"BRANDISTON and GUTON form a small parish, 3 miles E.S.E. of Reepham, and 5 miles S.W. by W. of Aylsham, containing 137 souls, and about 737 acres of land, in the manors of Bintry Hastings and Langetot, but mostly the property of Edward Fellowes, Esq., (owner of Guton Hall;) Magdalen College, and the Culley, Lombe, and Atthill families. The latter have been seated more than two centuries at Brandiston Hall, now only a small house, which was repaired about 10 years ago by the Rev. Prebendary Atthill, a member of the Irish Church. Brandiston Church (St. Nicholas,) has a short round tower, and in its windows are some ancient specimens of stained glass. It has recently been thoroughly repaired. Another church, dedicated to St. Swithin, is supposed to have stood in the same grave-yard. The living is a discharged rectory, valued in the King's Book at £7. 12s. 8½d., and now having 11A. of glebe, and a yearly rent of £243. 10s., awarded in 1841, in lieu of tithes. The patronage is in Magdalen College, Oxford, and the Rev. Caddy Thomas is the incumbent." [William White, History, Gazetteer, and Directory of Norfolk (1845) - Transcription copyright © Pat Newby]
The name may also be spelled Brandeston.
It is also known as Brandiston with Guton.
See also Braydeston.
- Mid-Norfolk Family History Society
- Memorial Inscriptions of the Church and Churchyard of St Michael the Archangel Booton, and St Nicholas Brandiston.
[Mid-Norfolk Family History Society, 2009]
See also Norfolk Parish Links: Cemeteries
- In 1883 the parish was in the Deanery of Sparham, in the archdeaconry of Norwich.
It could have been in a different deanery or archdeaconry both before and after this date.
- The parish church is dedicated to St Nicholas.
- Parish Register Transcripts
- Baptisms 1562-1900, Banns 1759-1817, Marriages 1566-1858 and Burials 1562-1811.
[Parish Register Transcription Society, Dart Series, 2000?]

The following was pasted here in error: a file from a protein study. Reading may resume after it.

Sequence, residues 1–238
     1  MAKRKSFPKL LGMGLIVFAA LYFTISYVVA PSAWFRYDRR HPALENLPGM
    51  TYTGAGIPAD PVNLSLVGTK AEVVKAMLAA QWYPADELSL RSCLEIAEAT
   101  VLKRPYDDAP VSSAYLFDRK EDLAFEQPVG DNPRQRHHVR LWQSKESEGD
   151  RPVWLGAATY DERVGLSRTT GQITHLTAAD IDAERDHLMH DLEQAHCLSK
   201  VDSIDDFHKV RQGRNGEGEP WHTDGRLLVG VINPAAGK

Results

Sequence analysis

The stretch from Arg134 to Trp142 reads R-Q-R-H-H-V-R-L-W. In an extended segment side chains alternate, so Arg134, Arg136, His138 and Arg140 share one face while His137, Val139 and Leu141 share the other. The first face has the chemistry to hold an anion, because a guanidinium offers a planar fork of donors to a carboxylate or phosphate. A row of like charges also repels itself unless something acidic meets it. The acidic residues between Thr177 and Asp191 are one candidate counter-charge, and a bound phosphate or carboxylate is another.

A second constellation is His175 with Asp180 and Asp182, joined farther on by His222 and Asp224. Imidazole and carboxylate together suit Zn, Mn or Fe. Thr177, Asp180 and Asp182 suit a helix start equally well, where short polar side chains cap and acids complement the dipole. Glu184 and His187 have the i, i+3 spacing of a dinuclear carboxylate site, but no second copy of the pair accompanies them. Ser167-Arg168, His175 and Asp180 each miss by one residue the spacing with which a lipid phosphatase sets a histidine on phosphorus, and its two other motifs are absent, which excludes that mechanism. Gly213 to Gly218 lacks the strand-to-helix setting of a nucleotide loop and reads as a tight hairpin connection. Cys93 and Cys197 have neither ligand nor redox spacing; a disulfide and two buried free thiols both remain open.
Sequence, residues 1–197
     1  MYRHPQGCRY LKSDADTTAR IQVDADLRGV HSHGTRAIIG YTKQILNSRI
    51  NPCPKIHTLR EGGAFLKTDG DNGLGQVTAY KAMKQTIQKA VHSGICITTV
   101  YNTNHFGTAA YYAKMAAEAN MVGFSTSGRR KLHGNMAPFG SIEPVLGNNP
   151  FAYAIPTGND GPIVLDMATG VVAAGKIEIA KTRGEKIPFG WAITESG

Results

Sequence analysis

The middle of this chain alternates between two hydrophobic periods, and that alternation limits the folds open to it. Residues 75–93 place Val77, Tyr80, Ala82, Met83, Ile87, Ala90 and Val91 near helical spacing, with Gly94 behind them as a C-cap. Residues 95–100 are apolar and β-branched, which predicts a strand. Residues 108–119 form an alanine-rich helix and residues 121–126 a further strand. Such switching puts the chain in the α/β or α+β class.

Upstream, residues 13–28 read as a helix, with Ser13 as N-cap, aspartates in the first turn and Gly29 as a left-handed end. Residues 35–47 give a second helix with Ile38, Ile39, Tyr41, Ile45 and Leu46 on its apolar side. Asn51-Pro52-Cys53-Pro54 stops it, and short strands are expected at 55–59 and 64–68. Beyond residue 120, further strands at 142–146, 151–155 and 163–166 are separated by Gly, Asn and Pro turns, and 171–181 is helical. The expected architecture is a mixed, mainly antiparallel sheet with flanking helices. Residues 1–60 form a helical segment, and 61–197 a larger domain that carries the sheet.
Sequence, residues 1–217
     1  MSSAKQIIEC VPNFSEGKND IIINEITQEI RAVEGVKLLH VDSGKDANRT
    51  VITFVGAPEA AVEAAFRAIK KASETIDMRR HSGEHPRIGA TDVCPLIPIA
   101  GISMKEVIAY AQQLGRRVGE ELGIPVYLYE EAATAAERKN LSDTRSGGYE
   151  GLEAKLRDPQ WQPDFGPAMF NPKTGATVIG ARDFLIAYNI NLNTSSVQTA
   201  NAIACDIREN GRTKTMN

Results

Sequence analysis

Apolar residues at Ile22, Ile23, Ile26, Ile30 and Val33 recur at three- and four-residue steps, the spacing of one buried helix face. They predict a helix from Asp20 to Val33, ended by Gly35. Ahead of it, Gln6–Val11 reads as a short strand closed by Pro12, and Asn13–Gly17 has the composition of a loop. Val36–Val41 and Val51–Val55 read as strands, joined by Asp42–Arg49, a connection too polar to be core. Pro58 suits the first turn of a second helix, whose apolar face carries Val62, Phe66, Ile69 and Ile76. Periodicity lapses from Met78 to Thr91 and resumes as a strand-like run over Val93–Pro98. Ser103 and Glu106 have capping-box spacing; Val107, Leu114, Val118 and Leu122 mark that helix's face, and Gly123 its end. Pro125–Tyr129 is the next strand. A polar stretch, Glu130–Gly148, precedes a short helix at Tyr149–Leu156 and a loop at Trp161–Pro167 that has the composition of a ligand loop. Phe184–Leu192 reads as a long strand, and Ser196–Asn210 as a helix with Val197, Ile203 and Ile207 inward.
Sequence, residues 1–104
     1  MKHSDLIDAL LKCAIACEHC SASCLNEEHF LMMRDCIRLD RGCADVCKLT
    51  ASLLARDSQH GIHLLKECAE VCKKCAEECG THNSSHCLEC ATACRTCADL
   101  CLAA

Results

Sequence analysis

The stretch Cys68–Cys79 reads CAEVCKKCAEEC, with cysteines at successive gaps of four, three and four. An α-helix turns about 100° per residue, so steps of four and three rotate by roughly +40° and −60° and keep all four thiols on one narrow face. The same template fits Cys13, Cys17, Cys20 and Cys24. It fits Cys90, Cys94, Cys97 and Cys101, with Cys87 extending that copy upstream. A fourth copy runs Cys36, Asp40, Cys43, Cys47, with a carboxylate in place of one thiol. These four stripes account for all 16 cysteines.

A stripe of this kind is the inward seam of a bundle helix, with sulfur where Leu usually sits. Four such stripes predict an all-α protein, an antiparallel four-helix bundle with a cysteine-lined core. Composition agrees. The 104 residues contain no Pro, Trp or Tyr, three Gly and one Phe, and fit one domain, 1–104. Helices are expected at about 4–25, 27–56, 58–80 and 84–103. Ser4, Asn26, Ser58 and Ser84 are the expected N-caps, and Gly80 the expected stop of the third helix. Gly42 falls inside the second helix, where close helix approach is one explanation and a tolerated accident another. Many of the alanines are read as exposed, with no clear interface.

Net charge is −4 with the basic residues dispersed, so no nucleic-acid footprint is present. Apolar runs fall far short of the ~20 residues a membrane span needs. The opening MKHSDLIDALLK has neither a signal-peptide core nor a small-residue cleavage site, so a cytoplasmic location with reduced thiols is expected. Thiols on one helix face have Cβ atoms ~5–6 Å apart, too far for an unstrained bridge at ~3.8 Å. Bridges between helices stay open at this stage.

- These are not included in Boyd's Marriage Index or Phillimore's Marriage Registers.
See also Norfolk Parish Links: Church Records
- Ask for a calculation of the distance from Brandiston to another place.
Brandiston is in Eynsford Hundred.
- Parish outline and location.
- See Parish Map for Eynsford Hundred
- Description of Eynsford Hundred
- 1845: White's History, Gazetteer, and Directory of Norfolk
You can see the administrative areas in which Brandiston has been placed at times in the past. Select one to see a link to a map of that particular area.
- Great Britain: Statute
- Second annual inclosure act, 1849.
An act to authorize the inclosure of certain lands in pursuance of a special report of the Inclosure Commissioners for England and Wales: 28th July 1849, including the parishes of Swannington, Brandiston and Haveringland, for which provisional inclosure orders were made on 26 June 1848.
[London, George Edward Eyre and William Spottiswoode, 1849]
You can see maps centred on OS grid reference TG132217 (Lat/Lon: 52.751048, 1.157941), Brandiston which are provided by:
- Google Maps
- StreetMap (Current Ordnance Survey maps)
- Bing (was Multimap)
- OldMaps (Old Ordnance Survey maps.)
- Old Maps Online (Other old maps.)
- National Library of Scotland (Old Ordnance Survey maps)
- Vision of Britain (Click "Historical units & statistics" for administrative areas.)
- English Jurisdictions in 1851 (Unfortunately the LDS have removed the facility to enable us to specify a starting location, you will need to search yourself on their map.)
- Magic (Geographic information) (Click + on map if it doesn't show)
- GeoHack (Links to on-line maps and location specific services.)
These figures are from the population tables which were produced after the 10-yearly national censuses. The "Families" heading includes families and single occupiers.
There may be more people living in detached parts of the parish (if there were any) and, if so, the number may or may not be included in the figures above. It is quite difficult to be sure from the population tables.
- 1861 Census
- "ST. FAITHS. The decrease of population in most of the parishes comprised in the District of St. Faiths is attributed to the migration of labourers and their families to the manufacturing districts."